Here is a short list of resources that you may not have even thought of.
1. This ‘Fake News’ reading resource for middle schoolers.
With the volatile state of our country and government, and with the ever abundant sources of news, media, and conflicting perspectives, it’s essential for students to learn the difference between real and fake news, (and what that even means!). Gail Hennessey perfectly explains her reasoning behind creating the resource, “A recent survey found that many young people(and adults for that matter) can’t seem to determine which is a real news story from a fake news story. We need to develop digital critical literacy with our students so they can try and determine the difference BEFORE they hit ‘send’ to all their friends.”
Yes. I’m sure you’ve seen a post or two on Facebook from a well-meaning friend that is completely incorrect! I know I have. The ability to determine the validity of a source is very lacking in today’s society. We, as educators, need to do everything in our power to change that for our students.
Hennessey does an amazing job of navigating those ‘fake news,’ ‘real news’ waters in a way that’s approachable to junior high students. I would highly recommend teachers (and not just social studies/government classes!) to integrate this resource into the curriculum somehow.
2. ReadWorks’ audio versions of articles.
ReadWorks is incredible, and one of the modifications they offer is audio versions of texts, specifically 736 human voice audio versions of K-8 articles. Here’s what their website says about the reasoning behind creating these resources:
“Listening to texts read aloud can help students comprehend what they read and learn to love reading. Nothing is better than hearing a real person read with fluency and expression—especially for emerging readers, struggling readers, English language learners, and students with learning disabilities.”
Obviously this is incredible for struggling readers, or as an accommodation for a student with a disability, but it can also just be a great to switch up how you’re teaching texts (and appeal to auditory learners as well)!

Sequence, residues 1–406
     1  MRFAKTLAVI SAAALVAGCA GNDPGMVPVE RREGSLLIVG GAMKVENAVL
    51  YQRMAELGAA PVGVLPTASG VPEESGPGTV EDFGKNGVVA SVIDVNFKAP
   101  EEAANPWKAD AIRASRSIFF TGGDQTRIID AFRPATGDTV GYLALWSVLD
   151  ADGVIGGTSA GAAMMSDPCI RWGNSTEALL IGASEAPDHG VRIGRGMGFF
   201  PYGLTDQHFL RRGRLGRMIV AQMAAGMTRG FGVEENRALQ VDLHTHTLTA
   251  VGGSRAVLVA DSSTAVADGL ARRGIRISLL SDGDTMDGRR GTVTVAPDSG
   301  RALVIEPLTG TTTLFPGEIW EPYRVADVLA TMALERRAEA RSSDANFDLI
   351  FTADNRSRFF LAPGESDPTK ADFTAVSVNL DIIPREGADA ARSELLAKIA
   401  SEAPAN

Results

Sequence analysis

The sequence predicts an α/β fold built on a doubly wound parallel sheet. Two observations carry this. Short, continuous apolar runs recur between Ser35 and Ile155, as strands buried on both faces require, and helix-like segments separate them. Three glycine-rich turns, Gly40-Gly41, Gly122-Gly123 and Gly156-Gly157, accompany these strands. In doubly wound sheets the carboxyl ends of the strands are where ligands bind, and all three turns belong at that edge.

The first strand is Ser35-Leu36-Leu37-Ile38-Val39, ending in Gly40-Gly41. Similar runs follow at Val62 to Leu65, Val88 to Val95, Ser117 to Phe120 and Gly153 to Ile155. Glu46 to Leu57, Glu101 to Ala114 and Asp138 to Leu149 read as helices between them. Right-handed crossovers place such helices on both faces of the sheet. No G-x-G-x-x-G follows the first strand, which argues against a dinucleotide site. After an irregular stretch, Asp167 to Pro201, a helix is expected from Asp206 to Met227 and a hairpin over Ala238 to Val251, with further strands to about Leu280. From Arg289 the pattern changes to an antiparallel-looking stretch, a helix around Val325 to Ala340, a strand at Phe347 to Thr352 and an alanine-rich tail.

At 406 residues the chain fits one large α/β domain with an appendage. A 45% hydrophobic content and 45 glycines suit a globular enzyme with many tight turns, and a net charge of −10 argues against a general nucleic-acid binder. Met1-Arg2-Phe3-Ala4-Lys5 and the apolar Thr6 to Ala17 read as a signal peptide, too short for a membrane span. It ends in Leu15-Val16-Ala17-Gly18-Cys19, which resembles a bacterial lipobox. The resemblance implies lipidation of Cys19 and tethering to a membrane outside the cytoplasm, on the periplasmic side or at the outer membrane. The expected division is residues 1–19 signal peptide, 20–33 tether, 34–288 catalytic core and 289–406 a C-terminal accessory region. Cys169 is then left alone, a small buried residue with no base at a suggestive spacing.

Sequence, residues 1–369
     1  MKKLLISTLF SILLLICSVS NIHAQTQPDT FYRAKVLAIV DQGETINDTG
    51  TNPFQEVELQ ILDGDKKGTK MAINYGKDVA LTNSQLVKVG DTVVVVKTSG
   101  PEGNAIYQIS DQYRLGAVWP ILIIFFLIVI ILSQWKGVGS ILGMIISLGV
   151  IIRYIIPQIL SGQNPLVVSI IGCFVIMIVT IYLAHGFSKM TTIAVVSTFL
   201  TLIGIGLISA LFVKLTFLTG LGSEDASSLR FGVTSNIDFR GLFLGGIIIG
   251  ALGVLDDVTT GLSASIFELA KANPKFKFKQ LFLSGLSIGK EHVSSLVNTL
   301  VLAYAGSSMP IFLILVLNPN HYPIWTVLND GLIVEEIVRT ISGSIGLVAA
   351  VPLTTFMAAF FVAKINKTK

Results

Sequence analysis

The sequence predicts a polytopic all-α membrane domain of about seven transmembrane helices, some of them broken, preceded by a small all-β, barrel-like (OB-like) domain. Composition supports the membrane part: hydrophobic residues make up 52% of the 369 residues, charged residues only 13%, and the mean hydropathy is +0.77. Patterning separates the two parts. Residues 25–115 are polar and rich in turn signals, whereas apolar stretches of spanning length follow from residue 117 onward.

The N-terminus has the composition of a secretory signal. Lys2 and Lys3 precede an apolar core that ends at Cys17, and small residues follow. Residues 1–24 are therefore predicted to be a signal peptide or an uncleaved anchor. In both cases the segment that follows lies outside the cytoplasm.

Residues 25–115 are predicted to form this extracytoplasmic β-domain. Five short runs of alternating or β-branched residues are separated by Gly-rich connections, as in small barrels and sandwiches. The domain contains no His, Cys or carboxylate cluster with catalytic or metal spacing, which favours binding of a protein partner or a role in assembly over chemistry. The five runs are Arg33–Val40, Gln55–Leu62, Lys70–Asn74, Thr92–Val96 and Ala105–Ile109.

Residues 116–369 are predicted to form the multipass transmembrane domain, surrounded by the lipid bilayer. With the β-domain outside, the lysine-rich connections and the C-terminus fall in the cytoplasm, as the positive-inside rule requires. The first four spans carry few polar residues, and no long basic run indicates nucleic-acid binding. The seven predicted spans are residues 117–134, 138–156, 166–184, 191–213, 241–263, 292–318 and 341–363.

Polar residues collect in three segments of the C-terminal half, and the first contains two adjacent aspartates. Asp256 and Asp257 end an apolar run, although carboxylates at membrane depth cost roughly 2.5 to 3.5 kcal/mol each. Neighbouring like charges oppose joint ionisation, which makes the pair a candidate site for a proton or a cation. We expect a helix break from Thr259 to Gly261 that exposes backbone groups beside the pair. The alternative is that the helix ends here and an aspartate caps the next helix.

3. This fun, social-media-integrating idea from ReadWriteThink.
Social media is so prevalent in our students’ lives. We establish boundaries when it comes to internet and phone usage in class; we ensure that students are focused and not distracted by their devices. However, when we can integrate technology in a healthy way, it’s extremely beneficial.
This resource blends Instagram and classroom material in a way that will engage students, while still serving an academic purpose.
4. This incredible pdf on 50 Book Report Alternatives resource by Diana Mitchell.
Tired of teaching reading material the same way? Bored when it comes to listening to the thousandth book report? Are your students itching to do something different? Mitchell’s resource is amazing for having your students do something outside of the box. Not only can this list help your students to pick a project that resonates with them, but it can also be incredibly useful in your lesson planning!
5. This simple, valuable Figurative Language Notes Worksheet.
Which allows students to easily organize and learn the types of figurative language.
Featured Image Credit: Sean Kong